The impetus for after-hours urgent care on Orcas Island | Guest Column

The impetus for after-hours urgent care on Orcas Island | Guest Column

by Vincent Shu, MD

Orcas Island

Despite there having been discussions and negotiations in recent months between Orcas Island Health Care District and UW Medicine Orcas Island Clinic, specific to the need of after hours/urgent care, district commissioners have expressed frustration in this matter because it remains unresolved. I feel compelled to give my standpoint related to this issue.

An after hours/urgent care model can help reduce 911 calls resulting in a reduction of unnecessary air transfers:

Most after hours/urgent care has been taken care of by calling 911 because of no after hours/urgent care available.

I spoke to Chief Williams who told me that when islanders call 911 for after hours/urgent care, EMTs assume jurisdiction over their care. They are abided by law to send patients to the nearest hospital as soon as possible where board-certified emergency room physicians will then take over their care.

As Orcas does not have a hospital emergency room, it poses a unique issue. EMT staff and volunteers who are incapable of accessing and have no knowledge of patients’ medical records (such as previous EKGs and others) may find insufficient data difficult in evaluating the presenting illness. As such, there is a very good chance of airlifting off-island because EMTs are concerned about potential liability risks. No one wants to be sued! This may have led to more unnecessary air transfers.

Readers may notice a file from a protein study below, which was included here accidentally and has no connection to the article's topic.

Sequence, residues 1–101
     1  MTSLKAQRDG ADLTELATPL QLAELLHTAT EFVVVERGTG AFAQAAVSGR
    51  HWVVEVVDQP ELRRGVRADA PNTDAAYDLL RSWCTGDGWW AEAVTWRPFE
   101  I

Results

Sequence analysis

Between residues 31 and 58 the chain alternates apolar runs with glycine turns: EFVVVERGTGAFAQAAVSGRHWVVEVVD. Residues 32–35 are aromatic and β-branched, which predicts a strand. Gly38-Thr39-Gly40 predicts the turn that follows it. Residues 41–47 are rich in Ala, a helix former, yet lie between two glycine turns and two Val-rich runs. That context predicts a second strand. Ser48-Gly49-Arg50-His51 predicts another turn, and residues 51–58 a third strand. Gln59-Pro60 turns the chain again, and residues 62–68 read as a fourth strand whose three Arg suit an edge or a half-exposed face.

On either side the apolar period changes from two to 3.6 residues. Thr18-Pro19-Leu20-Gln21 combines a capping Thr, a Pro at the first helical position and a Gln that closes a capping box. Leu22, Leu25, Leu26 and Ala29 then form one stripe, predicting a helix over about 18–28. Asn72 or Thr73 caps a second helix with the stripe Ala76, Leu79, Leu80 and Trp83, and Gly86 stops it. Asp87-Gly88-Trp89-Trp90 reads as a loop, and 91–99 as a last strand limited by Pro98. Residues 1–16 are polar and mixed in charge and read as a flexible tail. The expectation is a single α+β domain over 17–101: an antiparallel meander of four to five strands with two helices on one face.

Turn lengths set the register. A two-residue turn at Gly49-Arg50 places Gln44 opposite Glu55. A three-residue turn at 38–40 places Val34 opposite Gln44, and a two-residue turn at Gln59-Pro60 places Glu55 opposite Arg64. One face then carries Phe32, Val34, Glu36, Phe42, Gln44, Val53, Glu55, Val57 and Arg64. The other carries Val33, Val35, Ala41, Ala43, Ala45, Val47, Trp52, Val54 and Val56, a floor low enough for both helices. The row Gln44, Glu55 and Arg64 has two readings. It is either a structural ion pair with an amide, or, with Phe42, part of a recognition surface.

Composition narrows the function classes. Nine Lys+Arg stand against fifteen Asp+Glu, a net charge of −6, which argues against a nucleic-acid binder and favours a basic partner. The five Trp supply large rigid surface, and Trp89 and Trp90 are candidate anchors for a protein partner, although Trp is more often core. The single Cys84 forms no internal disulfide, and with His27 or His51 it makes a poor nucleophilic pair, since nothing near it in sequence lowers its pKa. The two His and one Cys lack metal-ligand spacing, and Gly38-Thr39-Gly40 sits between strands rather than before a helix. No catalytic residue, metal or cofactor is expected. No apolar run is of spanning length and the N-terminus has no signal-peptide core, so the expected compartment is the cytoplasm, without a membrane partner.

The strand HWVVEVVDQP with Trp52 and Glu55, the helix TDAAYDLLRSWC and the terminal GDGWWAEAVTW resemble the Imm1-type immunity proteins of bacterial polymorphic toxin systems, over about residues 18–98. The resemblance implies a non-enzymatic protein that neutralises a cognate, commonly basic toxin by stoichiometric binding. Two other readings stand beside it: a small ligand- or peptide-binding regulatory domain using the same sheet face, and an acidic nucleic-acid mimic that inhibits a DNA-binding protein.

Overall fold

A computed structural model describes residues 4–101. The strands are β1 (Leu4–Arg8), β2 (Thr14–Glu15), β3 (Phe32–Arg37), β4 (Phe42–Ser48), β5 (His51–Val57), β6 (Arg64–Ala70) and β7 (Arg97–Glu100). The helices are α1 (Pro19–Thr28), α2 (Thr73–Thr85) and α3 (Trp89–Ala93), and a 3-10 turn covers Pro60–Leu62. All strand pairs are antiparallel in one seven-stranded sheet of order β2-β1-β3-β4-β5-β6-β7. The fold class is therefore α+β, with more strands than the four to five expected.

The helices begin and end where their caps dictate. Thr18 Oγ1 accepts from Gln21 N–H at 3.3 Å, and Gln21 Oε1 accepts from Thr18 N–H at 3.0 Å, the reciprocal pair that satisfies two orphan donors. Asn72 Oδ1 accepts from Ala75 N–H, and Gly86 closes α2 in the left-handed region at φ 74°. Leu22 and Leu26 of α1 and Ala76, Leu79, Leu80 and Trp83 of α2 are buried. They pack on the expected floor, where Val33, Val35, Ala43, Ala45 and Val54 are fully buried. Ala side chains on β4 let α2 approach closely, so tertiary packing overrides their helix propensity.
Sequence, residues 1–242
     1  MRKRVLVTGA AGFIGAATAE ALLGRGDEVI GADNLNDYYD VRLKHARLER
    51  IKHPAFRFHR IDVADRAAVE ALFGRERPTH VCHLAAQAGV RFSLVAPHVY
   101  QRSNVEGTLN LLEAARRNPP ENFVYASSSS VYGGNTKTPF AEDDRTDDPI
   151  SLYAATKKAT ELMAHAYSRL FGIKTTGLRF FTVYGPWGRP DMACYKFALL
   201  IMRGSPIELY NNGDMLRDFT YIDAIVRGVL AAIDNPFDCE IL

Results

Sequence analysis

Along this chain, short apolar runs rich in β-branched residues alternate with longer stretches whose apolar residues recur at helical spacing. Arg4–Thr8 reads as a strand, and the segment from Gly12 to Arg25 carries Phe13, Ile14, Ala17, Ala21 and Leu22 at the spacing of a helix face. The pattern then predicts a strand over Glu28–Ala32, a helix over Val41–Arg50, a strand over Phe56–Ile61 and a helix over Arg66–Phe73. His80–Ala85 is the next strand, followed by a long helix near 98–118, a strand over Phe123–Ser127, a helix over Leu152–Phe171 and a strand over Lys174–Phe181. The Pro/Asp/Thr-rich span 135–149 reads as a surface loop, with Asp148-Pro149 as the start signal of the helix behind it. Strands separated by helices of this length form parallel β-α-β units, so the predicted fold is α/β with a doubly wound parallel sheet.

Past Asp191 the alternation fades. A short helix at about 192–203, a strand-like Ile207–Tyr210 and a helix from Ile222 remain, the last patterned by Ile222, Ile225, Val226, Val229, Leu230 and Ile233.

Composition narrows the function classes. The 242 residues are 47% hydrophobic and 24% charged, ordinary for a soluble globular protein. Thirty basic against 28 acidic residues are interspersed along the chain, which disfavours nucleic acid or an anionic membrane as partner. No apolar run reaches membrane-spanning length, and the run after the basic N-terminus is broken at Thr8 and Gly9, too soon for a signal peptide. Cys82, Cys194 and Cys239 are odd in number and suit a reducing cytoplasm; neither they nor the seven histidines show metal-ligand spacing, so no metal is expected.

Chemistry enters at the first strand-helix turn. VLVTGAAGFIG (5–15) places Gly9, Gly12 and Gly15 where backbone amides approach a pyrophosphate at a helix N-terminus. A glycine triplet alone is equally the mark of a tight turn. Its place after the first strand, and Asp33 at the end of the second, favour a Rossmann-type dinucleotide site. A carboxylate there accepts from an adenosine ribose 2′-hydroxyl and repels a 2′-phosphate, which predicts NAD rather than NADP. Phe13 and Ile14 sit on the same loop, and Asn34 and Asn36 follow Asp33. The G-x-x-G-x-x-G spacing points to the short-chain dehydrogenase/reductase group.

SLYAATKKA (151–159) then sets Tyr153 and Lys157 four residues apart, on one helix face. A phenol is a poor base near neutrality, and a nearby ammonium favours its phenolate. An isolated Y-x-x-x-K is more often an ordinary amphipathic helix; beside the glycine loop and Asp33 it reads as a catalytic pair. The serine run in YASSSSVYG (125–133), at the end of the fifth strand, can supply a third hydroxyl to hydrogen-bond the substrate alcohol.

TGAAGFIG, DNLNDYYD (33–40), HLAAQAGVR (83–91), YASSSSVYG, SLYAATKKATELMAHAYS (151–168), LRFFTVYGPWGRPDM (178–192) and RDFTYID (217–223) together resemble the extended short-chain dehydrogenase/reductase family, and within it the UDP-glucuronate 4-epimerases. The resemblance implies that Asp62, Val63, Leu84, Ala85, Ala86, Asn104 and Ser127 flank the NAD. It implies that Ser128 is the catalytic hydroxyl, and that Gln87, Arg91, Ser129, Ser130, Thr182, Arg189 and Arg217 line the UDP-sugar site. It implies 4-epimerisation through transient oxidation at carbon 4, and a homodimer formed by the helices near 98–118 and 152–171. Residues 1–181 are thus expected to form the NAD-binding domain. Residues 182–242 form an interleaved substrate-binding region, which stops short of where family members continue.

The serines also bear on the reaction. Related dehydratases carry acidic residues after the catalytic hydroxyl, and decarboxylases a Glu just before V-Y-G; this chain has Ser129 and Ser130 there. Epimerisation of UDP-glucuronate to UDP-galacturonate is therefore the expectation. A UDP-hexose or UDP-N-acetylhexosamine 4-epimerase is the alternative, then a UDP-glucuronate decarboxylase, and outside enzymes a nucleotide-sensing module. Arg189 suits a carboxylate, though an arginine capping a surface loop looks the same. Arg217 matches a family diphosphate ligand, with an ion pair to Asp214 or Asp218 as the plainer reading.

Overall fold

After hours/urgent care for patients is under the care of their primary care physicians. Unlike EMT staff and volunteers, PCPs are credentialed as clinicians, educated and trained professionally in diagnosing and treating a variety of acute/chronic illnesses. Gathering all the clinical data, PCPs are in a better position to reassure patients about the clinical significance of their illnesses. Therefore, after hours/urgent care under the care of PCPs is likely to reduce unnecessary air transfers.

Approval of air ambulances faces growing scrutiny from authoritative organizations specific to the medical necessity of airlifting.

For the months of January and February, 61 were patients were flown off island, averaging one air transfer every day. This appears too excessive on a small island, raising the question: how many cases are deemed, unequivocally, medically necessary; that they will die if they don’t fly off.

Twenty air transfers have been denied by Kaiser. This issue has been under investigation and negotiation among OIHCD, board of health, Orcas Fire, San Juan County council and Kaiser Permanente.

For the long-term solution, it lies in how to limit air transfers to those who are truly in need. If PCPs can assume their active role in this matter, then PCP-sponsored after hours/urgent care models would offer health care in a compassionate, caring environment, and ultimately improving a doctor-patient relationship and quality care measures.